If Ward is relegated to the backup position, there’s no easy way out for Carolina. His trade value is already low and if he doesn’t recover, he’ll have no trade value at all. And it’s not ideal to have a $6 million-plus player collecting his pay from the bench.
2. Marc Andre Fleury
It’s a big year for Fleury. GM Jim Rutherford has said the Penguins goalie will start the season without a contract extension, forcing him to earn a new deal and a spot as Pittsburgh’s No. 1 goalie. And this is after Fleury posted one of his better seasons from start to finish. Fleury’s regular season totals (.915 SP, 2.37 GAA) were very similar to what he did in the playoffs (.915 SP, 2.40 GAA). But because he struggled in a few playoffs before that, there’s serious worry about his consistency – the most important trait for a goalie to have.
Investing an extension in Fleury would be a big deal. Right now he makes $5 million and as a pending UFA, will seek a raise on his next contract. The Penguins need to figure out this season if he’s worth such a heavy investment – considering the amount of cash they have sunk into other parts of the lineup. On the open market, Fleury will still get paid big.
Pushing Fleury will be Thomas Greiss, a 28-year-old who has surprisingly good numbers in the NHL. Last season with Arizona, Greiss stepped in for an injured Mike Smith and posted a .920 SP and 2.29 GAA in 25 games. The German is currently making $1 million and is also a pending UFA.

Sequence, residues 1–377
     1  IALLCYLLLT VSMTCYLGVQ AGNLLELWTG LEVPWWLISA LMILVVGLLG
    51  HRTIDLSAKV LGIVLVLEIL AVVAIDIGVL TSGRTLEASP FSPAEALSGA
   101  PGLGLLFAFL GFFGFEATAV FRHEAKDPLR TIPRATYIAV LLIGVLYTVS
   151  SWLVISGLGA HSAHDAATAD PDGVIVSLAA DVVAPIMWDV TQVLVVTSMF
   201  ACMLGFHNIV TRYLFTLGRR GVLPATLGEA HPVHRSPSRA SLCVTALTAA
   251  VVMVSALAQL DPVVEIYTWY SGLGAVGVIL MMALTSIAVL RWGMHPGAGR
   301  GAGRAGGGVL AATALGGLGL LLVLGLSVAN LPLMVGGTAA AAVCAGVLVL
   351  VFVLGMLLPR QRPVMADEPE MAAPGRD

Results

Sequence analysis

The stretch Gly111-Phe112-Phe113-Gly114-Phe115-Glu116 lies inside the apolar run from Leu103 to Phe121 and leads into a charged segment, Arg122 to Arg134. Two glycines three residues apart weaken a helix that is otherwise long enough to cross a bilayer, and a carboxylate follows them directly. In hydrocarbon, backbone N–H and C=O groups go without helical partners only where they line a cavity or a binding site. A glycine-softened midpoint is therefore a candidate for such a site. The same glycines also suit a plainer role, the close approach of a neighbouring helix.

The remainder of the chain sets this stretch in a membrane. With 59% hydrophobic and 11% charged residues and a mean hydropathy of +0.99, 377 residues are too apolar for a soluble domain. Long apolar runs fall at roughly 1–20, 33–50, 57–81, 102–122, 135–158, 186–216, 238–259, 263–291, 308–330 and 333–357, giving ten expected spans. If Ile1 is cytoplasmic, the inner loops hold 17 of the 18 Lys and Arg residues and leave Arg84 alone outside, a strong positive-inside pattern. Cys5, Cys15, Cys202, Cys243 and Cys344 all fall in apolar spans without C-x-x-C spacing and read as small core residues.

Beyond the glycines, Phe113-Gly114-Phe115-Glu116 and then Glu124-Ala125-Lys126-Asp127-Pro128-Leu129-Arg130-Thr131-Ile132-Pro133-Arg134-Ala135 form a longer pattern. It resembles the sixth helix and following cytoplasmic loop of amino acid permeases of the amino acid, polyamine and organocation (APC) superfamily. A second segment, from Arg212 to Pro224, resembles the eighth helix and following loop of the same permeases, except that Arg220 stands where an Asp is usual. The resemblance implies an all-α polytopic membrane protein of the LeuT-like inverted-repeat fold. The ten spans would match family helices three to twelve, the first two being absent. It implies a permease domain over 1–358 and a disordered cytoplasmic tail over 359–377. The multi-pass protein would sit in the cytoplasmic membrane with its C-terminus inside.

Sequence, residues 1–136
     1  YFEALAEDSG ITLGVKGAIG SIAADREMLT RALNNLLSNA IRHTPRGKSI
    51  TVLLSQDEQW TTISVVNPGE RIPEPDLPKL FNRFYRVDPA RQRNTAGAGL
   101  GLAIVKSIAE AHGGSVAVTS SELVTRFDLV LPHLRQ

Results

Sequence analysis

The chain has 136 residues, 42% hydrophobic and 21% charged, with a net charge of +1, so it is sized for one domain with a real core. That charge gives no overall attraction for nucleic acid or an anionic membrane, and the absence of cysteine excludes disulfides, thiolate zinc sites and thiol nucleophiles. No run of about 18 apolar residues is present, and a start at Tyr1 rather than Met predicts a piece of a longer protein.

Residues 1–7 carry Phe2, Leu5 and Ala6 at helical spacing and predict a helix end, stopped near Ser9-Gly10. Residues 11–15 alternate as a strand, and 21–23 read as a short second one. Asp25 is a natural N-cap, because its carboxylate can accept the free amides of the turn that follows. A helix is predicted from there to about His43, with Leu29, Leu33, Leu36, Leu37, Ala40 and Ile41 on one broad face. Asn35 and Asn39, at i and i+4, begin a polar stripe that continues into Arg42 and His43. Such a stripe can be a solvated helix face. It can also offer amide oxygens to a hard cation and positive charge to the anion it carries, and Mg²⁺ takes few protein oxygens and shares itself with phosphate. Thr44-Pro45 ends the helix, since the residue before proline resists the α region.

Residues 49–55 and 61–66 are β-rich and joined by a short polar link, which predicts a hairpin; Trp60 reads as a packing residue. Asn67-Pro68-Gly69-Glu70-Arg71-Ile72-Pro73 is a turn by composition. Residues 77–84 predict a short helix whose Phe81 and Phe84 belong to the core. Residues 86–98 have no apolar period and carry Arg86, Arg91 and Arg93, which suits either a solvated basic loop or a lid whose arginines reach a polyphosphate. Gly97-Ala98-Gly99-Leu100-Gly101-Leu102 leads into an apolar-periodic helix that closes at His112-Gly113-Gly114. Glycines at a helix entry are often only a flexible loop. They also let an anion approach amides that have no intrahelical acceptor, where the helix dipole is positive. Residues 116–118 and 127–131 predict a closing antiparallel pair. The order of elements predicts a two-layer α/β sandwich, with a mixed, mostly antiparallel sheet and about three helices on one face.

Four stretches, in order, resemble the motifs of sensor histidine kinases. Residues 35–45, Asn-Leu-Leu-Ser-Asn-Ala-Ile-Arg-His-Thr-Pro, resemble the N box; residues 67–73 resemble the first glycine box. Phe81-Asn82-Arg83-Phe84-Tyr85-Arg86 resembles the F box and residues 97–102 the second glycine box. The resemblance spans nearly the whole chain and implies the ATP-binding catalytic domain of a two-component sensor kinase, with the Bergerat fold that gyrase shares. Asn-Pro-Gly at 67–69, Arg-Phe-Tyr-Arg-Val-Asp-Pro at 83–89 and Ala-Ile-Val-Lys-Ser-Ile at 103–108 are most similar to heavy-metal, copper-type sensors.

Greiss probably won’t become the next No. 1 goalie of the Pittsburgh Penguins, but if he posts strong numbers and Fleury falters, he could wiggle himself into a tandem job in 2015-16. At the very least, he gives the Penguins a cheap safety net if Fleury falls apart in the playoffs again. Unlike Carolina, Pittsburgh doesn’t have a realistic No. 1 replacement ready to step in, but they have to take their time with Fleury this season and honestly ask: is he worth a significant investment, or is there better value elsewhere?
3. Antti Niemi
There was nothing terribly wrong with Niemi’s regular season in 2013-14. He had a 2.39 GAA and .913 SP, which are fairly average totals for an NHL starter and his 39 wins were tied for second in the league. But the playoffs were a different story. The Sharks, of course, won the first three games against the Kings, but in Games 4 and 5 Niemi was pulled and Alex Stalock started Game 6. In the end, Niemi’s playoff stats were awful: 3.74 GAA, .884 SP.
Niemi will probably be the starter out of the gate for the Sharks, but don’t be surprised if Stalock supplants him along the way. Sharks GM Doug Wilson talked about making the team younger and handing the roster off to a new generation of leaders, but while major change didn’t happen this off-season the team likely won’t continue on with the status quo. Joe Thornton is no longer captain, Patrick Marleau is no longer an assistant and both players may see minor decreases in ice time. The goalie situation is also fluid.